In a time when the public sector must do more with ever-tightening budgets, collaboration is imperative. And as shown by a 2012 GovDelivery poll, 96 percent of public-sector employees said they believed that stronger relationships with consultants, other agencies and the public would be beneficial to their own agencies.
While public-sector leaders likely read the same best-selling books explaining how to collaborate, how to innovate and how to change government as we know it, there are only a few who actually start meaningful collaborations or actually innovate. Most people agree that collaboration and innovation are good things, so what’s stopping the changing of government?
Because the public sector has additional forces at work that routinely prevent successful collaboration from happening, says Rob White, Chief Innovation Officer for Davis, Calif., who has experience with collaboration from his time as director of economic development in Livermore, Calif.
In this position, White reached out to Lawrence Livermore National Laboratory and Sandia National Laboratories to begin mutually beneficial, long-term partnerships -- a collaboration that was a turning point for Livermore, he said. Not only did it create new research opportunities for the labs, but it also provided a way for the labs to get around certain lobbying rules. It created new jobs for the region and provided new resources for the city, and before too long, Livermore was being invited to participate in the Bay Area Council and the Silicon Valley Leadership Group. To state it simply, collaboration put Livermore on the map.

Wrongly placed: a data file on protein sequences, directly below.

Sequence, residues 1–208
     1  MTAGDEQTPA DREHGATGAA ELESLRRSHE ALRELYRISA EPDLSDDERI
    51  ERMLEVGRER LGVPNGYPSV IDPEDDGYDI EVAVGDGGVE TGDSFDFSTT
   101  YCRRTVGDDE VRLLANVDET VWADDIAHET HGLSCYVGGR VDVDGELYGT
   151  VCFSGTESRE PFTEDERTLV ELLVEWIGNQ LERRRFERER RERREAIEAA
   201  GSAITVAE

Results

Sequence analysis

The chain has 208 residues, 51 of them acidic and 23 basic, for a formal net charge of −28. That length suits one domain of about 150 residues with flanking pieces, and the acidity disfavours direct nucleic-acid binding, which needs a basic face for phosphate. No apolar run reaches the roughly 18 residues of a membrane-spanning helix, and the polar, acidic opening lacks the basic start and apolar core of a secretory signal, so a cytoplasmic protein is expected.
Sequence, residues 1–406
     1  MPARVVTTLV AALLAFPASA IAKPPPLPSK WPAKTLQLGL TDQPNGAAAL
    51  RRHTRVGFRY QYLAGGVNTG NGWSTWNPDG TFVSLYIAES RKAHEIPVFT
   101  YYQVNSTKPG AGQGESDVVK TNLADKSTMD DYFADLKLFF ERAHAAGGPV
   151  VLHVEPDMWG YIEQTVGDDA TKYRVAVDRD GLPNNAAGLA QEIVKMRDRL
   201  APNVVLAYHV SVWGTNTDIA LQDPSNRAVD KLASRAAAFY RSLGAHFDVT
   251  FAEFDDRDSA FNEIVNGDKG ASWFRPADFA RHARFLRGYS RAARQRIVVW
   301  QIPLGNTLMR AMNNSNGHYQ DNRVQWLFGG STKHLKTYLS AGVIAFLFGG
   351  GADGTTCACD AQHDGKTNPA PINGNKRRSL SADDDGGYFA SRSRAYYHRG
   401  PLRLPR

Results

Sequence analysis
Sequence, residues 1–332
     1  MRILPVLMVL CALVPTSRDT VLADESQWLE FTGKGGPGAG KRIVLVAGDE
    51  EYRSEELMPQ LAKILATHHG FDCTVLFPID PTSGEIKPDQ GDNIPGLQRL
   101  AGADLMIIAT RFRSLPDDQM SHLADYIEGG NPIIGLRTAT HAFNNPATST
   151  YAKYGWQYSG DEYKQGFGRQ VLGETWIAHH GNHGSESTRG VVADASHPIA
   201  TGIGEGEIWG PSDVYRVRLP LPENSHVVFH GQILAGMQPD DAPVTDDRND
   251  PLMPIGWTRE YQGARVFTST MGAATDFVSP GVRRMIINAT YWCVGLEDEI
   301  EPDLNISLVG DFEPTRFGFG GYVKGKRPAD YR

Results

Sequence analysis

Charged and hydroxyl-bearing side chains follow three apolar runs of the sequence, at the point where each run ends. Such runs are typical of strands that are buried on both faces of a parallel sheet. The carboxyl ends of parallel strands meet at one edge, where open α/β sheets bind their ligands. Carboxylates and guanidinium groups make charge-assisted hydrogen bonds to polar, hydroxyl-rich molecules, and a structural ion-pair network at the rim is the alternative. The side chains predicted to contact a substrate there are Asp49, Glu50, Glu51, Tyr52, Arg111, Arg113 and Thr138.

White is now studying for his professional doctorate in policy planning and development at the University of Southern California, and researching collaboration in government, he said, has given him a lot of time to think about why people aren’t collaborating. “Collaborations are the hardest types of partnerships to manage,” White said, adding that there are three core forces that hinder collaboration in the public sector.
People fear the unknown and dislike change. In creating a new collaboration, people fear what will become of their routine, White said -- what will become of their job, their career, their family and their way of life. There are too many question marks, so it’s best to just avoid the whole thing altogether and continue business as usual.
People in government feel they can be threatened if they don’t play their cards close to their chest, White said.
“We in public sector are all clamoring for being noticed in different ways,” he explained. “If I cede my control by getting into a collaborative effort, I’m no longer the driver at the table.”
And once someone is no longer in the driver’s seat, no longer a regulator, no longer the chief authority figure in their realm, White said, then their position is threatened -- or at least that is the perception.
“You don’t get a lot of accolades; you don’t get a lot of notice,” White said. “Rarely are people celebrated beyond their own organization for their individual contribution. Unlike the private sector, where you may get a bonus or a raise or be accelerated up the chain, you don’t see those same immediate reward responses in the public sector.”
And if there’s no obvious reward for a scary collaboration, why pursue it?
These are the forces at work, White said, but they can be overcome – check govtech.com tomorrow for part two of this story: how to overcome these challenges.
Colin wrote for Government Technology from 2010 through most of 2016.